3.6 Where costs or interest are sought as part of the Request for Enforcement, a person seeking to enforce a Federal Court judgment should note the following:

(a) costs payable to the Sheriff (of the relevant Supreme Court) for execution are contained in the Federal Court and Federal Circuit and Family Court Regulations 2012 (Cth);

(b) a lawyer's costs for work performed for the enforcement application are calculated on an individual item basis having regard to the fees contained in Schedule 3 to the Federal Court Rules;

(c) the Interest on Judgments Practice Note (GPN-INT) clarifies certain matters relevant to the calculation of interest on Federal Court judgments.

Filing the Request

3.7 Wherever possible, the Request for Enforcement and supporting documents should be filed via eLodgment.[3]

3.8 The Request for Enforcement and any other documents relating to the enforcement process should be filed in the relevant existing Federal Court proceeding.[4] Therefore, the file number of the existing Federal Court proceeding in which the judgment was made should be used and there will ordinarily be no need to commence a new proceeding. If an exception is necessary, the reasons why the Request for Enforcement is being made other than in the existing proceeding should be clarified briefly in the supporting affidavit.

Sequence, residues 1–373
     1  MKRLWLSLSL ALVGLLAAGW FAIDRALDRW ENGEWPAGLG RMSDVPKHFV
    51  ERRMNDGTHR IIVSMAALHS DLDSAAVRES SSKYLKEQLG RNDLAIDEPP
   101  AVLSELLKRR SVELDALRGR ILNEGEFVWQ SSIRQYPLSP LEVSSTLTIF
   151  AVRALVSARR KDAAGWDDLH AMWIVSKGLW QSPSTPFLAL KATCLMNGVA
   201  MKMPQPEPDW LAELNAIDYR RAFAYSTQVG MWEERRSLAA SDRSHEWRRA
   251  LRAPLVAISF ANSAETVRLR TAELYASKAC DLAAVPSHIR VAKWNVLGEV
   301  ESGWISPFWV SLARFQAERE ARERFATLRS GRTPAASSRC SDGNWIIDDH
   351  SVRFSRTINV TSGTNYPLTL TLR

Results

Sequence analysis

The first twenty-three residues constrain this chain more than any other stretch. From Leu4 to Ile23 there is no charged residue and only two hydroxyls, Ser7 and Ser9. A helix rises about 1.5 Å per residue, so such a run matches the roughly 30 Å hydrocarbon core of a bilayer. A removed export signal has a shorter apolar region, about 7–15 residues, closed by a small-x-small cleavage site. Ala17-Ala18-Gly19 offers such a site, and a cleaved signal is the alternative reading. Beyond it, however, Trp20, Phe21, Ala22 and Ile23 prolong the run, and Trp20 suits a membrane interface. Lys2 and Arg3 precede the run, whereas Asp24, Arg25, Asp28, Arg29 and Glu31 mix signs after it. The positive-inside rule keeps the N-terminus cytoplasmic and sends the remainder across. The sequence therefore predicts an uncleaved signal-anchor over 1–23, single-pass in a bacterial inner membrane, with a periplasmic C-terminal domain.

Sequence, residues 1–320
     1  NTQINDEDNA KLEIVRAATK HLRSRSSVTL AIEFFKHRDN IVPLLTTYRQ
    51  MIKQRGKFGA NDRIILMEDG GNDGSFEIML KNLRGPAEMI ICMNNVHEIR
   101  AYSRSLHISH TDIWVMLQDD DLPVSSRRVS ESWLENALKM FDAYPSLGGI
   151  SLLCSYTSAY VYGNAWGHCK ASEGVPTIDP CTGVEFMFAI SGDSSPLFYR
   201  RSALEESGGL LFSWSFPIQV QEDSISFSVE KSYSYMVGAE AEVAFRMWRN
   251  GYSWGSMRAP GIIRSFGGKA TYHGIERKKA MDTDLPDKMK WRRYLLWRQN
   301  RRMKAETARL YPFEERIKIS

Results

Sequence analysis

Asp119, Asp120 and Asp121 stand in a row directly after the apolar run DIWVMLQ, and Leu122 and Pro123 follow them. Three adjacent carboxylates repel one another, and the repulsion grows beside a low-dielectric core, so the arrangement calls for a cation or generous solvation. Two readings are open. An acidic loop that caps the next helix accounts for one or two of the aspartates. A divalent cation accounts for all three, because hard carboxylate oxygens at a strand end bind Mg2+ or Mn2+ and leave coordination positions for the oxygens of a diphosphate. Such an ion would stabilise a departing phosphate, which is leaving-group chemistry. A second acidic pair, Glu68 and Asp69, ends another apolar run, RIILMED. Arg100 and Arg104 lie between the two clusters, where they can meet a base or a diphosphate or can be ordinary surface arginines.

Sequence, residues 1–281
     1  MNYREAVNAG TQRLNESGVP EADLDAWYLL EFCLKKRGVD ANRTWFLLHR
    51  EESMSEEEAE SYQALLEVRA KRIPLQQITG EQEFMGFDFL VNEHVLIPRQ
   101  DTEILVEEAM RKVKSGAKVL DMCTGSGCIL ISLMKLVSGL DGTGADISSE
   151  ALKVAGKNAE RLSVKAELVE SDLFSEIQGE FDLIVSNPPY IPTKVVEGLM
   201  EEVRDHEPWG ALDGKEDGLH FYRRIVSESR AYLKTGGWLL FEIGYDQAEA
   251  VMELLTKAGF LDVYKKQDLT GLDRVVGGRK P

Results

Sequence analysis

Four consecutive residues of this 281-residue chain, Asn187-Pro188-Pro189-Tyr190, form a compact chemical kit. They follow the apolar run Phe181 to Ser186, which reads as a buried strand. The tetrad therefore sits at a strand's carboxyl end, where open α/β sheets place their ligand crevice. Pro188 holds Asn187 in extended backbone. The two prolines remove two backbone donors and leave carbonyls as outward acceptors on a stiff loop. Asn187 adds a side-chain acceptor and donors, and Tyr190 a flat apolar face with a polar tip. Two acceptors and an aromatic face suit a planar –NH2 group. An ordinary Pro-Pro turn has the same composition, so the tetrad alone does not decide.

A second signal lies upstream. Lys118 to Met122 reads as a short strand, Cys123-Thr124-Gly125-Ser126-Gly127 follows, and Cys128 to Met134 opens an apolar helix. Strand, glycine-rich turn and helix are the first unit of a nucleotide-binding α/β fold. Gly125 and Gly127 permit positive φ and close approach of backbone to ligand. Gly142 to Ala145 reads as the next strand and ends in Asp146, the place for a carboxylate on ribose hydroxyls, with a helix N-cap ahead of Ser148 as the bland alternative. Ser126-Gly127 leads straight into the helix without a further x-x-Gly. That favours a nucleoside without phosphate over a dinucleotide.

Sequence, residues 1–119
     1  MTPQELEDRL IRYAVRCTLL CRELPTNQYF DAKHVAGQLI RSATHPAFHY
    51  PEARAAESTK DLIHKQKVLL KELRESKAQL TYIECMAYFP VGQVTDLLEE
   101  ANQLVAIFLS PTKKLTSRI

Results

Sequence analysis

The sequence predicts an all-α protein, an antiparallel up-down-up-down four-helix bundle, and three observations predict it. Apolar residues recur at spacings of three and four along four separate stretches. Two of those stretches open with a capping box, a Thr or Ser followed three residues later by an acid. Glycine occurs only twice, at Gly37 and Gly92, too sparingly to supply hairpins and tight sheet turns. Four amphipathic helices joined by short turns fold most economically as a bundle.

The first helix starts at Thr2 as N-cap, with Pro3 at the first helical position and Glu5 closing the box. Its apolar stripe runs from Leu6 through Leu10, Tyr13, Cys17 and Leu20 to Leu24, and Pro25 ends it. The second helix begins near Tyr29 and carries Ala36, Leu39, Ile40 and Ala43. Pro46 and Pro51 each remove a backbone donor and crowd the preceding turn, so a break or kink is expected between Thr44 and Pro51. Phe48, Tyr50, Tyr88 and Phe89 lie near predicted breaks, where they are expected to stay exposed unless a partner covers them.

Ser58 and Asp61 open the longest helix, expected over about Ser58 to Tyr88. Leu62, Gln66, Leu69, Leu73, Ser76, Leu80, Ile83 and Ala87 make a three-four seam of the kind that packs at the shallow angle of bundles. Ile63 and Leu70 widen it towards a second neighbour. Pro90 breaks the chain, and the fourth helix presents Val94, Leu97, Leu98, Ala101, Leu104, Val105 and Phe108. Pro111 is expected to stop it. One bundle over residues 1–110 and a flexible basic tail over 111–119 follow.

3.9 There is no filing fee incurred in the Federal Court for the filing of a Request for Enforcement in the prescribed form. However, if a dispute arises in relation to the entitlement to enforce the judgment, then fees may arise, as usual, with respect to any related application that is made.

Processing of the Request

3.10 A registrar will consider the Request for Enforcement and, if satisfied that the request and supporting documents are in an appropriate form, issue the enforcement process.

3.11 Once the enforcement process is issued by the Federal Court, in all States and Territories other than Queensland, the Federal Court will have no further active involvement and any further steps to enforce and execute the judgment should then be taken in the Sheriff's office of the relevant Supreme Court and the procedures contained in the rules of that Court will apply.

3.12 In Queensland however, a registrar will liaise with the Queensland Supreme Court about the enforcement process. Following that, the enforcing party should contact the Queensland Supreme Court registry.

Security for Sheriff's Costs

3.13 Depending on the nature of the enforcement application, security for costs may be required from the person seeking to enforce a Federal Court judgment in anticipation of the Sheriff's enforcement costs (r 41.52 of the Federal Court Rules, see also r 41.53). The relevant Supreme Court State or Territory Sheriff, or for Queensland matters, a registrar (after having liaised with the Queensland Supreme Court) will advise if this is necessary.

Multiple Jurisdictions